Sunday, October 23, 2005

TV + Black Comedy

I went to the Talawa Unzipped sessions at the Soho Theatre last week. On Saturday, there was a good discussion about Black comedy, i.e. comedy about Black people/people of African heritage. Personally, I think it is important to have comedy that reflects our culture and our experience. In the States, there was the Cosby show and the Fresh Prince of Bel Air, and then Bernie Mack. None of these really addressed racism but they did reflect Black people’s experience to a certain extent, and showed Black family life within a positive context.

In Britain, there have been several highly successful Asian comedy TV shows including Goodness Gracious Me and The Kumars at No. 54. So why are Asian comic writers and performers so much more successful than ours? We cannot just say it is because we are experiencing racism. The people at the BBC commissioning editors are all white, but they commission Asian comedy, so why not ours?

To be fair, BBC has aired Three Non Blondes.

What needs to happen in order for more people of African heritage to become Commissioning Editors at the BBC and other stations?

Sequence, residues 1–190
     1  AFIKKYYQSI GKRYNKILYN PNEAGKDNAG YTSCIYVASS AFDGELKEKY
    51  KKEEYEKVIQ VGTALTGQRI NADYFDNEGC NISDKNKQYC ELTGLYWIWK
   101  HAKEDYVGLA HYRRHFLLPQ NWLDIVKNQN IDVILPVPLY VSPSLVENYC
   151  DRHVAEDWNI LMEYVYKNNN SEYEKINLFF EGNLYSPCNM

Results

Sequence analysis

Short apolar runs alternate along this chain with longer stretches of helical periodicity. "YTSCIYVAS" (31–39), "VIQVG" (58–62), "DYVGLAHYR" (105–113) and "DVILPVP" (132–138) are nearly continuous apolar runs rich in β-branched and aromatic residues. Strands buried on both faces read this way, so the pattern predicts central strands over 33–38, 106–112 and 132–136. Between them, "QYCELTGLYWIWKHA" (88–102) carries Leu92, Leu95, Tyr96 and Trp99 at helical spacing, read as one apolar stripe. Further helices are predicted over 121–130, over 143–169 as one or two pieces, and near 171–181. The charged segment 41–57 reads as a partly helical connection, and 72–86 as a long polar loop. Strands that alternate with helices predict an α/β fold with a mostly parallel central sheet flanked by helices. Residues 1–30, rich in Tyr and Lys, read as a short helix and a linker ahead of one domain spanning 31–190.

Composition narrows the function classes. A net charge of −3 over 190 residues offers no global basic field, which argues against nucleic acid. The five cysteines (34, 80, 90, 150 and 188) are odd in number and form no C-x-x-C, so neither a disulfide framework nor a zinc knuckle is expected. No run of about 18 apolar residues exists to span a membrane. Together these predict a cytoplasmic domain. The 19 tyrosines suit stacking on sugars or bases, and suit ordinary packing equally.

Ligali are on the case, monitoring the media and its coverage of African British people.

Click here to visit Talawa's site.

Keywords: Black people and media; African people and media; theatre; comedy

1 comment:

Anonymous said...

Dear Zhana:

I found your blog through your posting on the Black Buddhists list-serv and wish to share this quote with you that I think answers the question, (or at least attempts to), from Frederick Douglass, one of our greatest thinkers:

"This struggle may be a moral one, or it may be a physical one, and it may be both moral and physical, but it must be a struggle. Pwer concedes nothing without a demand. It never did and it never will. Find out just what any people will quietly subit to and you have found out the exact measure of injustice and wrong which will be imposed upon them, and these will continue till they are resisted with either words or blows, or with both. The limits of tyrants are prescribed by the endurance of those whom they oppress." -- Frederick Douglass, 1857

Bottom line? It will be as it is for as long as we people of color allow it to be; for as long as we support these systems financially and otherwise. We in the States who continue to pay hard earned money to watch oppressive, degrading television shows and movies feed the system that oppresses and only when we stop doing that and start pressing our agenda will things change.
I'm enjoying your blog.

In peace and in struggle,